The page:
Volume 6, Number 2, Winter 1977
It was a cool spring day - May 9, 1888- ninety years ago. Samuel H. Snapp, my great grandfather, put on his coat, saddled his horse and rode from his home near the Oak Grove School into Kirbyville to get supplies for his children. He expected to visit Dr. Elisha Turner Anderson and wife Addie, his sister, before returning home. The Andersons did not have children of their own. They had reared several nieces who had become orphans and they were very fond of Samuels children. He depended on his sister for aid for he had been left with three children when his first wife, Sarah Sims, had died from measles in June of 1884. After a few months Samuel had married Susan Haggard and she too had died a few days after the birth of twins in November of 1885.
Samuels thoughts on this day may have been of his five little children at home being cared for by the oldest, Nannie, who was nine years old or he may have been thinking of the troubled times in Taney County; the death of Andy Cogburn which he had witnessed just two months before.
Samuel had gone to the Oak Grove School, a short distance from his home, to a church revival. As he sat inside the church he heard a disturbance of the horses tied outside. Being concerned for his horse; he stepped outside and became the only eye witness to the shooting of Andy Cogburn by Capt. Kinney, the Bald Knobb leader. Capt. Kinney had arrived in Taney County in 1883, three years before.
Andy Cogburn was a boy nineteen years of age and a warrant had been issued for his arrest on a charge of disturbing the peace. Cogburn was not "a pal" of Samuels as has been stated in other stories. They did not go to the church together. Sam was much older than the boy. The families of both were just neighbors and good friends. An inquest had been held after the death of Cogburn. (1) Samuel Snapp the only eye witness had not appeared.
Violence was no stranger to Samuel for he had lived through the violence of the Civil War. He had seen his boyhood home burned, their cattle destroyed. His mother had died when he was only three. His father died when he was nine. He had tried to stay clear of both Balk Knobb and Anti-Bald Knobb associations for he had five children to rear without a mother and they were all under nine years of age.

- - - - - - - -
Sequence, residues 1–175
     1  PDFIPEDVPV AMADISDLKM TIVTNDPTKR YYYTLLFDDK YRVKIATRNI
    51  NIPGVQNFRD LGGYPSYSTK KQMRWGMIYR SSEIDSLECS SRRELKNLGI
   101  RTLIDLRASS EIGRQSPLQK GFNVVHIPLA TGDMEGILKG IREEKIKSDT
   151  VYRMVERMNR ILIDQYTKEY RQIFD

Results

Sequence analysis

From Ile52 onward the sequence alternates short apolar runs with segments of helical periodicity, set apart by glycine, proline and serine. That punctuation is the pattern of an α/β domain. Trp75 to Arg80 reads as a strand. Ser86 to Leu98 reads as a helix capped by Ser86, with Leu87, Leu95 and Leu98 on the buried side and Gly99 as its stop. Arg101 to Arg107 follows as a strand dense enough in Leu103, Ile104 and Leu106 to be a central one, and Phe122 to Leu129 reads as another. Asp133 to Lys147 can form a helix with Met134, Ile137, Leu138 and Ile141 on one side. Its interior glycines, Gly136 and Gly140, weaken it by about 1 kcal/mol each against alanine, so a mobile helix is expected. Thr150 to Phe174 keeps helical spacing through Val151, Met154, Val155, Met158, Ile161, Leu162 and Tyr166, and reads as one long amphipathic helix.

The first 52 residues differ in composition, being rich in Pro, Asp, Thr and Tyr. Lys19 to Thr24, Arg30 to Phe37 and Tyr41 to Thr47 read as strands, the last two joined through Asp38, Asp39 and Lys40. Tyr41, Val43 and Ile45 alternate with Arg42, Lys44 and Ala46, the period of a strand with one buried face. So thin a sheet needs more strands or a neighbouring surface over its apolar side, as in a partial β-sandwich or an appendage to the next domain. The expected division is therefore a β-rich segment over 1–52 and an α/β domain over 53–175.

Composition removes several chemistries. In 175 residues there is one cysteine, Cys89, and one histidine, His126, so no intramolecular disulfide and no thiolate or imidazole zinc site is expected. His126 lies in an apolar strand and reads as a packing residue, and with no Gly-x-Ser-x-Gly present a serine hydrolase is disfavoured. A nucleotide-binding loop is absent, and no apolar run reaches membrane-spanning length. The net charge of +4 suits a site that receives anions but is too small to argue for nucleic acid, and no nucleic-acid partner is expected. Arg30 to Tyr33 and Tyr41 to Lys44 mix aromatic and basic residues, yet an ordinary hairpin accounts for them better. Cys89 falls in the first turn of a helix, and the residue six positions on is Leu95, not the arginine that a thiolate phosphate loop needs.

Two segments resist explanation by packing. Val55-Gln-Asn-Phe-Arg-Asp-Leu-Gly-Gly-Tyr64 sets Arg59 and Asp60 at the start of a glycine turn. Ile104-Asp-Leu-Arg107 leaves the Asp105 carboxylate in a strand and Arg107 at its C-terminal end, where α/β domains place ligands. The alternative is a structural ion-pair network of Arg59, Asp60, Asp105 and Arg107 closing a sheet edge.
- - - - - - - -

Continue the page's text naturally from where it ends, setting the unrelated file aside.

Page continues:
Two months had passed since that night he had opened the door of the Oak Grove school and witnessed the shooting. Things were quiet again in Taney County and Samuel had no fear and was unarmed this day as he rode his horse up to Kintreas Store at Kirbyville, dismounted, stepped upon the porch and became the victim of an assassins bullet.
Three shots were fired into Sams body making certain he would not live. His body was taken from Kirbyville to Forsyth in a wagon and left overnight at his brothers home across the road from the Snapp Cemetery. This farm was settled by Harrison G. Snapp, Sams father, in 1839 when he brought his wife and two little daughters from Green Co., Tennessee to Taney County. One hundred years later it became known as the Chaney farm.
Samuel Snapp was buried beside his wife, Sarah Sims Snapp, just west of the little Haworth girls grave. Mrs. Maggie Stallcup pointed out the location of the site in 1966. She told of the fear in the children and that every man at the cemetery was armed. She told how the minister asked people to step forward and take Sams children and they were divided up there at the cemetery. Judge Haworth built a picket fence around the grave and also built one for his little daughters grave. The fence stood for many years. Today all evidence of the exact spot of the grave is gone and only Mrs. Stallcup knew exactly where it was for she attended the funeral that day and it was her father, Judge Haworth, who built the fence.
There were many who had the courage to stand against the vigilante concept of law enforcement; they were not the lawless, yet some paid for their beliefs with their lives. Descendants are planning to mark the grave of Samuel H. Snapp who died ninety-one years ago and became part of the controversial Bald Knobb history in Taney County.
(1) Springfield Newspaper
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